NGC 7496, a galaxy 24 million light-years away. (Credits: NASA, ESA, CSA, Janice Lee (NSF's NOIRLab), Image processing: Joseph DePasquale (STScI))

A team of researchers, including Hamid Hassani and Erik Rosolowsky from the University of Alberta, identified and classified 1271 21-micron sources in four nearby galaxies, including NGC 7496 shown in the image above. These sources, which appear as bright spots in space, each have a unique story and can be different things such as background galaxies and dusty stars. Most spots are groups of newborn stars, some as young as 2 million years old!

With the Webb Telescope, researchers studied 19 spiral galaxies, discovering more about how they formed and evolved. It's like peeking into bustling neighbourhoods in outer space, just like a cosmic census!

4. Red patterns in the cosmos: a galactic revelation

Galaxy pair VV 191 includes near-infrared light from Webb, and ultraviolet and visible light from Hubble

Composite image from Webb and Hubble data: overlapping galaxies VV 191, elliptical galaxy VV 191a (left) and spiral galaxy VV 191b (right). (Credits: NASA, ESA, CSA, Rogier Windhorst (ASU), William Keel (University of Alabama), Stuart Wyithe (University of Melbourne), JWST PEARLS team)

In the dance of galaxies, space dust does two things: it hides starlight and helps new stars form. Scientists, including an astronomer from the NRC Herzberg Astronomy and Astrophysics Research Centre, armed with the Hubble and Webb Telescopes, explored the VV 191 galaxy pair. These two galaxies are not actually actively interacting, but they appear as overlapping. As one galaxy, VV 191a, lit up its spiral companion VV 191b, beautiful patterns emerged, colouring the cosmos in vibrant reds.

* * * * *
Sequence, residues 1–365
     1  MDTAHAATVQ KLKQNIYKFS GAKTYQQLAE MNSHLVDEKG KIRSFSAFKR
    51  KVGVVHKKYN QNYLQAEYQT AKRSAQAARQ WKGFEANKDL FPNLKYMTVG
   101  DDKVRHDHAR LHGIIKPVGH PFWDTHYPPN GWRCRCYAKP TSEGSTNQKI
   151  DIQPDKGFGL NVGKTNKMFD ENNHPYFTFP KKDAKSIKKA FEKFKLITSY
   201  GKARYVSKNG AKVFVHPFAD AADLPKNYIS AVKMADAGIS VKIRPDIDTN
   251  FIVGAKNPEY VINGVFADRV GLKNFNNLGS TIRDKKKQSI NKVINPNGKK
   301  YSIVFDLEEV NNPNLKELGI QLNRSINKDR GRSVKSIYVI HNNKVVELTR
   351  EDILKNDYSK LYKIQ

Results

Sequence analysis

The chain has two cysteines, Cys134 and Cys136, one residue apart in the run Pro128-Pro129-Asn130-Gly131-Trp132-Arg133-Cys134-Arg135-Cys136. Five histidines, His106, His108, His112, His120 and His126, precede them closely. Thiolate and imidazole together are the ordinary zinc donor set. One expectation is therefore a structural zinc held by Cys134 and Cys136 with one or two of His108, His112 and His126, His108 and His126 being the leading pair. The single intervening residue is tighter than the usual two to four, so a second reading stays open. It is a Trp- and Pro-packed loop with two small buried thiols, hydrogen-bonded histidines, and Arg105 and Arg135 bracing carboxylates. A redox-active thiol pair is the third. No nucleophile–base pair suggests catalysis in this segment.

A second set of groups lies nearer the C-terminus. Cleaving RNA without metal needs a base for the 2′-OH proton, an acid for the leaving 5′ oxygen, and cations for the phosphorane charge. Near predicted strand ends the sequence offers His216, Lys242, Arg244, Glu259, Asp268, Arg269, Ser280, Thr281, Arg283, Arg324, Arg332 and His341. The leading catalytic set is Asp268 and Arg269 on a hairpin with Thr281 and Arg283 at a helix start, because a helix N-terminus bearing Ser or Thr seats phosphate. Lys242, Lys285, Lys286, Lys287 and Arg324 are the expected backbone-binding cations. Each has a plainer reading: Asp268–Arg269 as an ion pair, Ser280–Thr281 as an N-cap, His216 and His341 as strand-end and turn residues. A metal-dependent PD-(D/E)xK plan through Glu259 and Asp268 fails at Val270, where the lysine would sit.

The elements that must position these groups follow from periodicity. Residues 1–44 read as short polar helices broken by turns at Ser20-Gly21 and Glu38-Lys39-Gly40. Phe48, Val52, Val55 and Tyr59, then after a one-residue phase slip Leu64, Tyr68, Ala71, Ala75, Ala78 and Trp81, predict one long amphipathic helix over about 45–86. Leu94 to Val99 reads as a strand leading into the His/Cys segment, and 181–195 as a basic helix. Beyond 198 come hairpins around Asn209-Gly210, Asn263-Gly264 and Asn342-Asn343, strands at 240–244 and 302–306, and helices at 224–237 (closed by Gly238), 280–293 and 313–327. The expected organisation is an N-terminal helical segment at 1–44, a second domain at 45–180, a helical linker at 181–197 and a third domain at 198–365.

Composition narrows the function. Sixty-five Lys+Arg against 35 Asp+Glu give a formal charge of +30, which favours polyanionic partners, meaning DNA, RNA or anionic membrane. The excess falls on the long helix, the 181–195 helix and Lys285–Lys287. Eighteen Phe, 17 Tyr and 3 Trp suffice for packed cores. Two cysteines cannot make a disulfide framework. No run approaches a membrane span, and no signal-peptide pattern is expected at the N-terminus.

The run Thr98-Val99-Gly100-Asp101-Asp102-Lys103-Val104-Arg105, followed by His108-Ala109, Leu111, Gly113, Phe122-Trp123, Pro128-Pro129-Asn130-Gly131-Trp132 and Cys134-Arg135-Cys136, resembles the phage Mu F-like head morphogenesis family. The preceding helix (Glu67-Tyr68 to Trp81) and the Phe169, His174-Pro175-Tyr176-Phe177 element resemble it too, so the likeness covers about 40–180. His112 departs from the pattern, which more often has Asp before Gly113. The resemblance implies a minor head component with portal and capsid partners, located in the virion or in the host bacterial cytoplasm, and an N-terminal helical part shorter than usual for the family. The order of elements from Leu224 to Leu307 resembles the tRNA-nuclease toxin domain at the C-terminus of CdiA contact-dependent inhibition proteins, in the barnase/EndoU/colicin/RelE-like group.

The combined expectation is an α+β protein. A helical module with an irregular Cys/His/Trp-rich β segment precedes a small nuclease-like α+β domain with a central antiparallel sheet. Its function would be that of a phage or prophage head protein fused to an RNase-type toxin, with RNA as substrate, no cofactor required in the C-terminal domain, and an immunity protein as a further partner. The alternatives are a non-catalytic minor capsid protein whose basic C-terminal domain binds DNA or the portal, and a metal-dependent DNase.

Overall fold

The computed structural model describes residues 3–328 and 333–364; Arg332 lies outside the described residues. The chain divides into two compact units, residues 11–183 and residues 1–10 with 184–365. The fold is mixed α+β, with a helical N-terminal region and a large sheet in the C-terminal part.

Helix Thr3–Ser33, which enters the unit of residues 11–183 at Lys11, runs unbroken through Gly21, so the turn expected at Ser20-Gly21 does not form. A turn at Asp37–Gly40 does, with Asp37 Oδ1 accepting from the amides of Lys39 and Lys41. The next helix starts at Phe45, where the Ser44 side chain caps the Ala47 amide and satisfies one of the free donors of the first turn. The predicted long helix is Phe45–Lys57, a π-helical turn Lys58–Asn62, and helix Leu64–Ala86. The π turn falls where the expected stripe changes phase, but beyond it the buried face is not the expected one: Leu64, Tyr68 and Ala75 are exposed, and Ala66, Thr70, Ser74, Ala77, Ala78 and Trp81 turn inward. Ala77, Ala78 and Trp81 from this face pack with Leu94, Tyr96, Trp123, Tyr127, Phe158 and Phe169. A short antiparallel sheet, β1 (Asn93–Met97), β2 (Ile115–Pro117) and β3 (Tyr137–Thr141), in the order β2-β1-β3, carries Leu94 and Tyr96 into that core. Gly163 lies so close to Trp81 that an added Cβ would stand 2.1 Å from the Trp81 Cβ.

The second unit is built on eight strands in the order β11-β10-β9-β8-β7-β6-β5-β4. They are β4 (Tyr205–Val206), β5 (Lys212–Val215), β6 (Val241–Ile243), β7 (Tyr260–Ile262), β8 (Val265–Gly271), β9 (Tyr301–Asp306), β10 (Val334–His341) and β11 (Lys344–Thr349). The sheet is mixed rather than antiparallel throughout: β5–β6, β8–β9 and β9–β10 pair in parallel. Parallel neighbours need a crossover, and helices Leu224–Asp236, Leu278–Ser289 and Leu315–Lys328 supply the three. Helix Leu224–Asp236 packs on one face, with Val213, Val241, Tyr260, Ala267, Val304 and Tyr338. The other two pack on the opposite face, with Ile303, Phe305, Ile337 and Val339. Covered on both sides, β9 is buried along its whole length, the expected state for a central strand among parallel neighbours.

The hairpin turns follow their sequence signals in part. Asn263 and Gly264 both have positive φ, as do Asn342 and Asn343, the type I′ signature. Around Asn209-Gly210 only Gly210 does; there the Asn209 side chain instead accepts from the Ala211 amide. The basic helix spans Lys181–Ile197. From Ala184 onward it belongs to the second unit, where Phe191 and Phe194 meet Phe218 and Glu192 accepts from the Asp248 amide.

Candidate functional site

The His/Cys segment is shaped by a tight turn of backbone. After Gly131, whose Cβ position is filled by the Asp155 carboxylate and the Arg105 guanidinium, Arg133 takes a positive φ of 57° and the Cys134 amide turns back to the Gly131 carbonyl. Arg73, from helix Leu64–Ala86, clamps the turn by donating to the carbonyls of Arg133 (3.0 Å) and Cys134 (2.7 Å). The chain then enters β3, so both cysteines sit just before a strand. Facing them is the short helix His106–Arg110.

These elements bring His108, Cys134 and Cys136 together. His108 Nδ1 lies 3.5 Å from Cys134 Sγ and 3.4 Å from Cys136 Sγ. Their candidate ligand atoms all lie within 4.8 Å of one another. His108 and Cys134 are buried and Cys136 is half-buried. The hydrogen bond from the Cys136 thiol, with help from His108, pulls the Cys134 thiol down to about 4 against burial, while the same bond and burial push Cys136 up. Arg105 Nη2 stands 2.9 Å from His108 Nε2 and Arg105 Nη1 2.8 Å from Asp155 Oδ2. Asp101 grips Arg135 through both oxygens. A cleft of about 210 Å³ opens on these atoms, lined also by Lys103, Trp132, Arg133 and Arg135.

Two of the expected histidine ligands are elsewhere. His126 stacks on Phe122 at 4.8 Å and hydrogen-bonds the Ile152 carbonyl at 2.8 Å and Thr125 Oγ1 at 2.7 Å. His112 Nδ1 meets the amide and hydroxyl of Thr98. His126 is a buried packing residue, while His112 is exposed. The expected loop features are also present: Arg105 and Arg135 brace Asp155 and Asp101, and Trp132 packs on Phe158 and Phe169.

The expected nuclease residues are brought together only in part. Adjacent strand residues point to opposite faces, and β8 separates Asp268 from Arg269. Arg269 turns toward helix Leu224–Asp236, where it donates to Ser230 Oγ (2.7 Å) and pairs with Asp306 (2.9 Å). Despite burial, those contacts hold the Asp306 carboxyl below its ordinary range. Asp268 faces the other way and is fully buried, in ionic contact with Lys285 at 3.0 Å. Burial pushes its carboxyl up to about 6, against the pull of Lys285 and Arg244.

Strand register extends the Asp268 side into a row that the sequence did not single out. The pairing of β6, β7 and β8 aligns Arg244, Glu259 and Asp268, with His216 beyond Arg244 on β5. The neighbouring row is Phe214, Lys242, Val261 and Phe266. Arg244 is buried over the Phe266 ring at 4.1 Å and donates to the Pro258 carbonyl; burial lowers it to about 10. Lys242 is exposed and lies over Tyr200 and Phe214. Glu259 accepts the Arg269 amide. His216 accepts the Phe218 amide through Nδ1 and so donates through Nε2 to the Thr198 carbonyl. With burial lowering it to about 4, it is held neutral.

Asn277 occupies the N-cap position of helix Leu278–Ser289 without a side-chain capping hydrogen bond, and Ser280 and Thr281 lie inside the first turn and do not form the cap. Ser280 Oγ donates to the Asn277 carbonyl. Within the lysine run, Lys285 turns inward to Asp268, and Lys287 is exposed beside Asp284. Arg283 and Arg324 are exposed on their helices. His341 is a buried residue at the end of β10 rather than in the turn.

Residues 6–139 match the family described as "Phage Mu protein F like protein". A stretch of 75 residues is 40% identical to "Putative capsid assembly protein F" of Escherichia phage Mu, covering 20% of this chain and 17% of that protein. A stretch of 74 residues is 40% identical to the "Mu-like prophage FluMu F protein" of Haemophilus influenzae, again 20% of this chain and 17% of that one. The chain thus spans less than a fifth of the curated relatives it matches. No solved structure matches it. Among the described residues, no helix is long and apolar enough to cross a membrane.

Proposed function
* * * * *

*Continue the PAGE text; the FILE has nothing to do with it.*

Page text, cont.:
In addition to being beautiful, galaxy VV 191a acts as a huge magnifying glass. It helped scientists spot distant galaxies, making them much brighter than they would otherwise appear. This research not only revealed some secrets of dust in space, but also gave us a rare glimpse at distant galaxies that lay hidden until now.

5. Mass of a dying star's progenitor

Southern Ring Nebula (NIRCam and MIRI images side-by-side)

Side-by-side comparison shows observations of the Southern Ring Nebula in near-infrared light, at left, and mid-infrared light, at right, from the Webb Telescope. (Credit: NASA/ESA/CSA/STScI)

Ever heard of cosmic ghosts? Well, planetary nebulae are basically just that. They're like souvenirs from stars that are retiring. Scientists, including astronomers Jan Cami and Els Peeters from Western University and Sun Kwok from the University of British Columbia, used Webb to peek at one planetary nebula called NGC 3132, or the Southern Ring Nebula. Guess what they found! Complex shells made of gas and dust and a red dusty disk hugging the recently retired star at the centre of the nebula. The beautiful patterns in the shells were probably caused by interactions between the dying star and several companion stars orbiting it close by.